1. IEC 60079-14 “Explosive atmospheres-Part 14: Electrical installations design, selection and erection”, 2013.
2. IEC 60079-1 “Explosive atmospheres-Part 1: Equipment protection by flameproof enclosures ‘d’.”, 2014.
3. IEC 60079-14 “Explosive atmospheres-Part 14: Electrical installations design, selection and erection (Ed. 4.0)”, 2007.
4. “Use of barrier glands in potentially explosive atmospheres to meet IEC 60079:14 2013 (Edition 5)”, HSE, February 2016, tinyurl.com/y8n2gcaw.
5. BS EN 60079-14, “Explosive atmospheres-Part 14: Electrical installations design, selection and erection”, 2014.
6. Estellito Rangel Jr., Mauricio F. Oliveira and Alan R.S. Queiroz, “The importance of inspections on electrical installations in hazardous locations”, 61st PCIC Conference Record, San Francisco, 2014, p. 155-161.
7. IEC 60079-17 “Explosive atmospheres-Part 17: Electrical installations inspection and maintenance, edition 5.0”, 2013.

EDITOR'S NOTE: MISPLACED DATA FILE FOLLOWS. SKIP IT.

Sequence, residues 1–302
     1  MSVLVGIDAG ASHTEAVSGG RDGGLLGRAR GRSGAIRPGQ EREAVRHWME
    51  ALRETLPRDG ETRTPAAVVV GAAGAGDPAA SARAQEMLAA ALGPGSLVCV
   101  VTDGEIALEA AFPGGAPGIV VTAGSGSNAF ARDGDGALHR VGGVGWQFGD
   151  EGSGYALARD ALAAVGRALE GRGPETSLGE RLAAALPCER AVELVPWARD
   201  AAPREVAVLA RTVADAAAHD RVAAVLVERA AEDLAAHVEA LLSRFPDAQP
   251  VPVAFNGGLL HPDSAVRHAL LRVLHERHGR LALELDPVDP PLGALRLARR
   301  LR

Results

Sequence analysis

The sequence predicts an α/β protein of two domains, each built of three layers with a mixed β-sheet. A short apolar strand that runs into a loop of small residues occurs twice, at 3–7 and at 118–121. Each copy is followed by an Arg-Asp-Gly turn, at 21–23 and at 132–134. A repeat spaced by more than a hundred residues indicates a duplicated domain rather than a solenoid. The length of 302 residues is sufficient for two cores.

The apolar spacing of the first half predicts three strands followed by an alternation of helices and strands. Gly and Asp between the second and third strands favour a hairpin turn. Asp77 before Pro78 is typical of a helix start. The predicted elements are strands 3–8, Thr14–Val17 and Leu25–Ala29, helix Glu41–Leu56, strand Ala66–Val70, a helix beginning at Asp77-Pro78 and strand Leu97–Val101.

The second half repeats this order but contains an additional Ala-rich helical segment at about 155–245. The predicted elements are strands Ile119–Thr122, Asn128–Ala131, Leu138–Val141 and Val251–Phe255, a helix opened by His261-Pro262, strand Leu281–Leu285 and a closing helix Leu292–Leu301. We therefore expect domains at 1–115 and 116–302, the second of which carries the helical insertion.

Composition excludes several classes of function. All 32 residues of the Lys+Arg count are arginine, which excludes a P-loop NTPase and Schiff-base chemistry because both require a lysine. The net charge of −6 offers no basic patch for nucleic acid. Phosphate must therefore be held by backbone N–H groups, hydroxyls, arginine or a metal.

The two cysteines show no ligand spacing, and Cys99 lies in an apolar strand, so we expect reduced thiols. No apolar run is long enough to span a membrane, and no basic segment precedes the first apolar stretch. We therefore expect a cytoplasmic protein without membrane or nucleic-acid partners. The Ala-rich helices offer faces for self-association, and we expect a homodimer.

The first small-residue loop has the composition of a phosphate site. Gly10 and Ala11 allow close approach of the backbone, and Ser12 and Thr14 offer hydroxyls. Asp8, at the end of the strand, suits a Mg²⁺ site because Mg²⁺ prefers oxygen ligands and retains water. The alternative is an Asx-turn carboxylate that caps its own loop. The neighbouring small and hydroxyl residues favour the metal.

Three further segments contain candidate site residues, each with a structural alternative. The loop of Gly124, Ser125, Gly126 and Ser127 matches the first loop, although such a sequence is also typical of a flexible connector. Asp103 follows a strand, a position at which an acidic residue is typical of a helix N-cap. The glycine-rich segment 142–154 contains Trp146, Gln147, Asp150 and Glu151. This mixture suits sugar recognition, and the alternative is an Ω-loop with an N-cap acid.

8. IEC 60079-28 “Explosive atmospheres-Part 28: Protection of equipment and transmission systems using optical radiation, edition 2.0”, 2015.
9. Tarmo Rintala, “Is certification of LED luminaires causing higher risks on Ex areas?”, Atexor, July 2017.
10. Estellito Rangel Jr. and Carlos Sanguedo, “New requirements for electrical installations in hazardous locations”, 64th PCIC Conference Record, 2017, Calgary, p. 443-450.
11. Estellito Rangel Jr., “Safety in electrical installations in petroleum industry”, 1st IEEE PCIC Mexico Conference Record, Mexico City, 2013.
Estellito Rangel Jr. currently serves as a senior consultant on oil & gas electrical system design, and on workplace electrical safety. Prior to consultancy, he spent 33 years with Petrobras designing electrical systems, performing LV and MV equipment factory acceptance tests, and coordinating hazardous area classification assessments. He is also the first Brazilian member of IEC Technical Committee TC-31 “Equipment for explosive atmospheres”. He can be reached at email@example.com. This article is adapted from a paper presented during the International Technical Session at IEEE PCIC 2017 in Calgary.
This article originally appeared in the March 2018 issue of Electrical Business Magazine.